New report condemns US medical professionals’ role in torture

By James Brewer
5 November 2013

Since September 11, 2001 medical professionals under the direction of the CIA and the US Department of Defense were ordered to disregard the core “do no harm” principles of medical ethics in their dealings with detainees held by the US in the so-called “war on terror.” Health professionals were required to engage in practices which included “designing, participating in, and enabling cruel, inhumane and degrading treatment” of prisoners.

A report released on Monday by a 20-member task force of physicians, lawyers and human rights experts charges that US military and intelligence forces “improperly demanded that U.S. military and intelligence agency health professionals collaborate in intelligence gathering and security practices in a way that inflicted severe harm on detainees in U.S. custody.”

The report, untitled Ethics Abandoned: Medical Professionalism and Detainee Abuse in the War on Terror, was the work of the Task Force on Preserving Medical Professionalism in National Security Detention Centers. In its announcement of the report, the Institute on Medicine as a Profession (IMAP), one of the supporting organizations, characterizes its findings as follows:

“The report details how DoD and CIA policies institutionalized a variety of interventions by military and intelligence agency doctors and psychologists that breach ethical standards to promote well-being and avoid harm. These interventions included:

The Task Force was convened in 2010 by its funding organizations, IMAP and Open Society Foundation (OSF) “to examine what is known about the involvement of health professionals in infliction of torture or cruel, inhuman, or degrading treatment of detainees in U.S. custody and how such deviation from professional standards and ethically proper conduct occurred, including actions that were taken by the U.S. Department of Defense (DoD) and the CIA to direct this conduct.”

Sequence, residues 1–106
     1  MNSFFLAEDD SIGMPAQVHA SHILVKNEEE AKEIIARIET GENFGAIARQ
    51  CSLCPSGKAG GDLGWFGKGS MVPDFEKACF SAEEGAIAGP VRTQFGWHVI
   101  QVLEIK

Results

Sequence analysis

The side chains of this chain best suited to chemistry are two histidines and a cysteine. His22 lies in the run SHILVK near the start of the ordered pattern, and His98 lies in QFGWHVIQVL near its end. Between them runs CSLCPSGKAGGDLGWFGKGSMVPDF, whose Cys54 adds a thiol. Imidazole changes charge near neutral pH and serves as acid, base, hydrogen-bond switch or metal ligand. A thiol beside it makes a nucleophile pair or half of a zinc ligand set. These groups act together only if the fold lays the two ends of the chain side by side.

The task force is made up of 20 high-level medical professionals with vast collective experience in the fields of medicine, bioethics, psychiatry and law. It includes lecturers and professors at educational institutions such as Columbia University, Harvard Law School, Boston University, University of California, New York University School of Education and Johns Hopkins Bloomberg School of Health. It is significant that two of its members, Albert J. Shimkus, Jr. from the Naval War College, and Brigadier General (Ret.) Stephen N. Xenakis, MD, share military backgrounds.

The legally discredited arguments put forward by the Bush administration for “enhanced interrogation” of detainees have been justified and followed by the Obama administration as well.

The recent attempt by the Obama administration and the Defense Department to break a hunger strike by Guantánamo detainees by means of force-feeding was denounced by medical ethicists writing in the New England Journal of Medicine as “aggravated assault.” The article urged military doctors to mutiny against orders to participate in such feedings and called for the medical community to support them.